A Medical Enlisted Military Web Community,
For all Military Services.
Past, Present, Future and Relatives of,
All are Welcome.

Tuesday, July 23, 2024

Tijuana off-limits to U.S. Marines & Corpsmen Assigned to Marine Units!

Folks, Understand, if your a Sailor assigned to a Marine Command you fall under their rules and guidelines.  If it is off limits to Marines, it is off limits to “YOU”.  Don’t try to out think the system!!


Tijuana off-limits to U.S. Marines

LOS ANGELES — For tens of thousands of U.S. Marines in Southern California, new orders from the brass amount to: Baghdad si, Tijuana no.

Citing a wave of violence and murder in Mexico, the commanding officer of the 1st Marine Expeditionary Force based at Camp Pendleton has made the popular military “R&R” destinations of Tijuana and nearby beaches effectively off-limits for his Marines.

The order by Lt. Gen. Samuel Helland restricts travel into Mexico by the 44,000 members of the unit, many of whom have had multiple tours of duty in Iraq, Afghanistan and other combat zones under their belts — or are there now.

The limits were first put in place for the Christmas holiday. Last week the commander extended the order indefinitely, said Mike Alvarez, civilian public information officer for the unit at Camp Pendleton.

“The situation in Mexico is now more dangerous than usual,” he said. “The intent is just to look out for the Marines’ safety and well-being.”

Tijuana has been a popular attraction for Californians since Prohibition days, when legal liquor was unavailable north of the border. In more recent times, its 18-year-old drinking age, cheap prices, gambling, beaches, tourist-oriented businesses and bars have attracted civilians and off-duty military from the San Diego area and elsewhere.

Marines & Sailors Off Limits to Tijuana

Marines & Sailors Off Limits to Tijuana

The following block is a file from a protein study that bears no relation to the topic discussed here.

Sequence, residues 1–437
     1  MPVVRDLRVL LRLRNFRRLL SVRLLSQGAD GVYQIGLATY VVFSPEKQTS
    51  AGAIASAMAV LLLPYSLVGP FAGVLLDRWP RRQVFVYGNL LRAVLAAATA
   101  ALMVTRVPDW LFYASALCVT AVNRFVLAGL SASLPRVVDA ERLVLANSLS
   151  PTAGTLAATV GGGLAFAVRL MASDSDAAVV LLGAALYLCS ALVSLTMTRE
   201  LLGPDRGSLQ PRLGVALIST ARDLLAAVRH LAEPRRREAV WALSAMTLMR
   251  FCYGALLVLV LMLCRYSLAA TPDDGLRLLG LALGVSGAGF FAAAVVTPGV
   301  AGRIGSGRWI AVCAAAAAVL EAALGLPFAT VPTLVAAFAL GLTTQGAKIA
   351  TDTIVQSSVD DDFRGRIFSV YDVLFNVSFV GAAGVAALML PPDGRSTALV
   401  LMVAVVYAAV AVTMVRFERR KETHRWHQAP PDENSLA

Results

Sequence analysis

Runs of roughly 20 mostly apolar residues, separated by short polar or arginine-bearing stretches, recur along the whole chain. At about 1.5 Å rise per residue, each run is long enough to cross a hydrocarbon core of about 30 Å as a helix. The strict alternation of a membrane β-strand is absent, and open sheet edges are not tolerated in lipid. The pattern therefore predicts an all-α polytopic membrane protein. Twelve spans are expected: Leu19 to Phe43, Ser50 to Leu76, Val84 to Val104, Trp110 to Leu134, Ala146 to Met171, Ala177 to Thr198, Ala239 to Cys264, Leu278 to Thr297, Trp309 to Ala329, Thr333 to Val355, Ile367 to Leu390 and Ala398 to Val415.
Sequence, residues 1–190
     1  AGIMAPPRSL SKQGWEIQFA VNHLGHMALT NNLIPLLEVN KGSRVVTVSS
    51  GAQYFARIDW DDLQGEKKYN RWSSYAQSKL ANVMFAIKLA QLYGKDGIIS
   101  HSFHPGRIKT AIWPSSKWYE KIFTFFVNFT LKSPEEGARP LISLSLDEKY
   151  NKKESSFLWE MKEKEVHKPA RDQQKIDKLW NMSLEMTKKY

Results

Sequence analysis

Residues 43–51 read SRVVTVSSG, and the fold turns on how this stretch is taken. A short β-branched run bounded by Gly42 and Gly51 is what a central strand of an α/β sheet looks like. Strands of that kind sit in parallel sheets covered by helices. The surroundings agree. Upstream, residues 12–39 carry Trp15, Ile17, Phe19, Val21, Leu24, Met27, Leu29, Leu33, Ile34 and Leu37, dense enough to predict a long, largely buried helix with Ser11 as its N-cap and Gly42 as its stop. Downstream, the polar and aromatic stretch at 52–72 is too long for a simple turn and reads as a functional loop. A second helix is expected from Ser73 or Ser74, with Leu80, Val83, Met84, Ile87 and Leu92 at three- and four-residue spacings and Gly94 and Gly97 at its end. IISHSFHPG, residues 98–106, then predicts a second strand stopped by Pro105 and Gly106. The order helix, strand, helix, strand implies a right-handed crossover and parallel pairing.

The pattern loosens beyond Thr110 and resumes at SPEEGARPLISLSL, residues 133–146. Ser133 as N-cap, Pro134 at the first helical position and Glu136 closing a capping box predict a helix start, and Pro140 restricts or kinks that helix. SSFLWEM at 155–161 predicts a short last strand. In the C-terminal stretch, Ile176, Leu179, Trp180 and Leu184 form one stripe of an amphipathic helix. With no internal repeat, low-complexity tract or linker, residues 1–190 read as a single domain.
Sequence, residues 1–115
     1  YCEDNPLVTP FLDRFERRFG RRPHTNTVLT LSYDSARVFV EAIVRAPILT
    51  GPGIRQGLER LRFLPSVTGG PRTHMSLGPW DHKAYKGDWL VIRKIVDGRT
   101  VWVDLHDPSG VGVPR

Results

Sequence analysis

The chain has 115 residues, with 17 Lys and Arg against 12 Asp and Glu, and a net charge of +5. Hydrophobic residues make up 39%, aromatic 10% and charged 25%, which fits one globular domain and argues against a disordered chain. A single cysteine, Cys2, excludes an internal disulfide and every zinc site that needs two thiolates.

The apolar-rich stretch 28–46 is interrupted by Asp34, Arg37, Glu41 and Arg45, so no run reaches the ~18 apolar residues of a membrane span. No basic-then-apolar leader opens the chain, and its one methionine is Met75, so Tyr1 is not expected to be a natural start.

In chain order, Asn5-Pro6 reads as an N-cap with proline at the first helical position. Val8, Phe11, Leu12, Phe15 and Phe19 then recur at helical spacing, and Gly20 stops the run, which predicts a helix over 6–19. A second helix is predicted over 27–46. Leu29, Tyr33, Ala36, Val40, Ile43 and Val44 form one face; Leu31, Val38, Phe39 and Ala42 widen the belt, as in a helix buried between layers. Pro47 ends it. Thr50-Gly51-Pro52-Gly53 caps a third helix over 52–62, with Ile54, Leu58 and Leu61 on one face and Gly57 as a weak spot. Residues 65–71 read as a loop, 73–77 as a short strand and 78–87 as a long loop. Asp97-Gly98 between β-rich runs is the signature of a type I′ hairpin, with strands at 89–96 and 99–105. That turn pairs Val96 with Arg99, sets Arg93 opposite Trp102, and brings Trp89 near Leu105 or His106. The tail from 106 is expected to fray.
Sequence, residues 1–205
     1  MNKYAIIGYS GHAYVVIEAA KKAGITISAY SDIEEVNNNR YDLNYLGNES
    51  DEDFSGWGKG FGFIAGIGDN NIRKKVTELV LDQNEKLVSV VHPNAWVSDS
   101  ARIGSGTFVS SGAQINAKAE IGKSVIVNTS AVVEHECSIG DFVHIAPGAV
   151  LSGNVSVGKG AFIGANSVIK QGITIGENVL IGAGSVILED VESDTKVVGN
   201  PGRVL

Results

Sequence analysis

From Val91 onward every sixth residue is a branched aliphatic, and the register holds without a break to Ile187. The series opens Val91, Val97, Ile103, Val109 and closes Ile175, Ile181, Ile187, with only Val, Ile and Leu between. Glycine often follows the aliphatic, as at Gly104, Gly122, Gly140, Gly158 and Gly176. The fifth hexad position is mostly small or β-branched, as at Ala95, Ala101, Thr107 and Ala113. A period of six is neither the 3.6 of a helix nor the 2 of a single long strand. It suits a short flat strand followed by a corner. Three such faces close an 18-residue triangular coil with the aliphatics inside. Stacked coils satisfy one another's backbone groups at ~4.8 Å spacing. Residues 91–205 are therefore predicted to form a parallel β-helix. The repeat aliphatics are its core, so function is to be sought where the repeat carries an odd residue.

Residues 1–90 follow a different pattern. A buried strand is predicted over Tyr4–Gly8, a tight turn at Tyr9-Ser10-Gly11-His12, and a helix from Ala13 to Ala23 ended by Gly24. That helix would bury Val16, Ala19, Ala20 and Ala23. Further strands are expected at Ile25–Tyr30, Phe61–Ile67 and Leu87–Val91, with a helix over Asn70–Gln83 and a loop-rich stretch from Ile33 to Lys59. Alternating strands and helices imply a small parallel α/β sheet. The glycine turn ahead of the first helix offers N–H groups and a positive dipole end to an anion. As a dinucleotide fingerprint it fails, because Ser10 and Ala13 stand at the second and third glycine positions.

San Diego, heavy with Navy and Marine presence, adjoins the Mexican border and Camp Pendleton is in northern San Diego County, about 50 miles from the border.

Fallen on hard times

These days, sidewalk restaurants along Tijuana’s main tourist street, Avenida Revolucion, often are empty. Tourists are buffeted by barkers and merchants desperate for U.S. dollars. Visitors may be approached with offers of drugs or prostitution as well.

Tijuana, like Ciudad Juarez across the border from El Paso, has been hit particularly hard by the drug violence that has spread across Mexico. Tijuana saw its bloodiest year ever in 2008 with 843 killings, compared with 337 the previous year.

The violence in Tijuana grew toward the end of last year and continued this year with numerous execution-style slayings. Many of the bodies were found decapitated. The State Department has issued a travel alert for Americans going to Mexico.

Officials from the U.S. Consulate in Tijuana regularly check with Mexican police and jails for Americans in trouble, and U.S. military Shore Patrol officers check daily. Alvarez said “there have been incidents from time to time” but did not know how many Marines have gotten into trouble.

Helland’s directive requires written approval from a lieutenant colonel or higher-ranking officer for travel across the border — whether for official business, to visit family or for leisure, known in the military as rest and relaxation, or R&R.

Marines venturing over the border also must complete anti-terrorism training, receive a military security briefing and “use the buddy system,” that is travel with a companion 18 or older, according to Helland’s order.

Most of the affected Marines are at Pendleton, but some are at other bases in Southern California and Arizona. And 13,500 members of the unit are currently deployed overseas, said Alvarez, a retired captain and helicopter pilot who served three tours in Iraq.

As part of the order, Marines who cross the border on approved travel must carry contact information for the U.S. Consulate General and the Border Shore Patrol.

The restrictions don’t apply to the more than 75,000 active duty Navy sailors in the area, but they are required to inform their chains of command if they cross the border, said Lt. (j.g.) Lenaya Rotklein, public affairs officer for the Navy Region Southwest Command at San Diego.

For Marines, the order is enforceable under the Uniform Code of Military Justice. Violators could face a court-martial.

“It’s a lawful order,” Alvarez says. “As Marines, we obey lawful orders.”


One Response to “Tijuana off-limits to U.S. Marines & Corpsmen Assigned to Marine Units!”
  1. surfboards says:

    Thanks for the post, I appreciate it, just subscribing you to make sure I don't miss your post in future! Keep posting.